Jesus was here to tell them that by worldly standards being a follower of Christ can mean quite the opposite. It can mean persecution, poverty, being an outcast, and sometimes even death. Jesus reminds the disciples here in this passage that earthly rewards are not what we as Christ followers should be after. We are after heavenly rewards. We are not following Christ because we want an easy life. We are following Christ and His teachings because we are seeking to live a life pleasing to God. We are living a life seeking after alignment with God’s will. Seeking after God’s will does not always correlate with earthly fortune or fame. Those who seek the prosperity gospel see God as an investment. If I invest in God, He will pay me a good return. If I am doing all the right things, God will bless me. The prosperity gospel is very me-oriented. What the gospel does teach us that wealth, power and fame may happen to us but we should consider it a gift from God. We must see it as the opportunity to give to others generously, to give to our church generously, to give and not to accumulate and hoard and leverage our own lives to the point that we become slaves to our money and power.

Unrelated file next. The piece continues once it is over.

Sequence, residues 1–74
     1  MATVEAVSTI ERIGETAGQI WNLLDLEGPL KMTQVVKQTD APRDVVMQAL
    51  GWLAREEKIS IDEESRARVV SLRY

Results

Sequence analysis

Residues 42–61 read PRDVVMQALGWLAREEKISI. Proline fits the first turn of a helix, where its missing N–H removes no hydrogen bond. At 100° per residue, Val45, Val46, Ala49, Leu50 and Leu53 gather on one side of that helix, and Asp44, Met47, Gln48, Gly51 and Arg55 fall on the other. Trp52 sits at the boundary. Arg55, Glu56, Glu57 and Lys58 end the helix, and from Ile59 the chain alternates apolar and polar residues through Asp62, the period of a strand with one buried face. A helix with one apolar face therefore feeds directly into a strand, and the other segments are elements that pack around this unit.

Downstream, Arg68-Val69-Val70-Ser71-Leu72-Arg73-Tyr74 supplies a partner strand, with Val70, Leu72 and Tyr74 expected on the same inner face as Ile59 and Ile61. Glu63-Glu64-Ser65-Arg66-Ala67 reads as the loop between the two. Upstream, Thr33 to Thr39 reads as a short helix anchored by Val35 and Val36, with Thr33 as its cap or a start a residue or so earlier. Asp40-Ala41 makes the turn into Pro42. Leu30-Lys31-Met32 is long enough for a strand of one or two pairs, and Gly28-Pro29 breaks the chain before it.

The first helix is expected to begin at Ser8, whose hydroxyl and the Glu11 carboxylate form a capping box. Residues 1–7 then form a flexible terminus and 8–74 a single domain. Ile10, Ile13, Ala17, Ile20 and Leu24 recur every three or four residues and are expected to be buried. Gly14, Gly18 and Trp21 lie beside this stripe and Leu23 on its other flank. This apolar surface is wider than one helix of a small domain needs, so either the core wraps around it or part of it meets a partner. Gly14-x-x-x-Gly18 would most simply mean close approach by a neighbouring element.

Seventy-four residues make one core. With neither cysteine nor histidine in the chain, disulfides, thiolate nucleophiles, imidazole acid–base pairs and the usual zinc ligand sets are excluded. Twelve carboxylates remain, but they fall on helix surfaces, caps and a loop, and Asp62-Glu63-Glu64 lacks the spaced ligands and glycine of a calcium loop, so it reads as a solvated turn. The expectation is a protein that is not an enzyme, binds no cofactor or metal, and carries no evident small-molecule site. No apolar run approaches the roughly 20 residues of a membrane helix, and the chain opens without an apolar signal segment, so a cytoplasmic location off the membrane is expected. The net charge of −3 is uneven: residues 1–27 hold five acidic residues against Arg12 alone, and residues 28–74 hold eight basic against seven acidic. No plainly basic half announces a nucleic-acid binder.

Jesus says in the beatitudes that seeking after God may lead us to the opposite of what the world defines as success, or as being blessed. We may find that our life actually gets worse by worldly standards when we accept Jesus as our Savior and Lord. We may fall into poverty. We may lose friends. We may be unpopular. We may suffer. We may lose everything we have. We may be called to leave a lifestyle of comfort to live a life of sacrifice and poverty. The difference is that when we put pleasing God first in our lives none of the trappings of success in worldly terms really matters to us anymore. We can be content, as Paul later says, in any situation whether we be rich or poor, by worldly standards, because we know that we are seeking God’s will and we are seeking to please Him not ourselves.